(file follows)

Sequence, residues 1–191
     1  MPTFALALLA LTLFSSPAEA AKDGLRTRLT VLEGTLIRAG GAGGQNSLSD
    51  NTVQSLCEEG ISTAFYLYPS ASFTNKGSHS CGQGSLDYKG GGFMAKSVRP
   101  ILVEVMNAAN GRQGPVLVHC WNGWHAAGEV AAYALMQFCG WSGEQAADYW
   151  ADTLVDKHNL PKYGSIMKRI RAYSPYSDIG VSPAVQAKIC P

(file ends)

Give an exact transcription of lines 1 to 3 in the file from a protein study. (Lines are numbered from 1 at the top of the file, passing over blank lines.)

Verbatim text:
Sequence, residues 1–191
     1  MPTFALALLA LTLFSSPAEA AKDGLRTRLT VLEGTLIRAG GAGGQNSLSD
    51  NTVQSLCEEG ISTAFYLYPS ASFTNKGSHS CGQGSLDYKG GGFMAKSVRP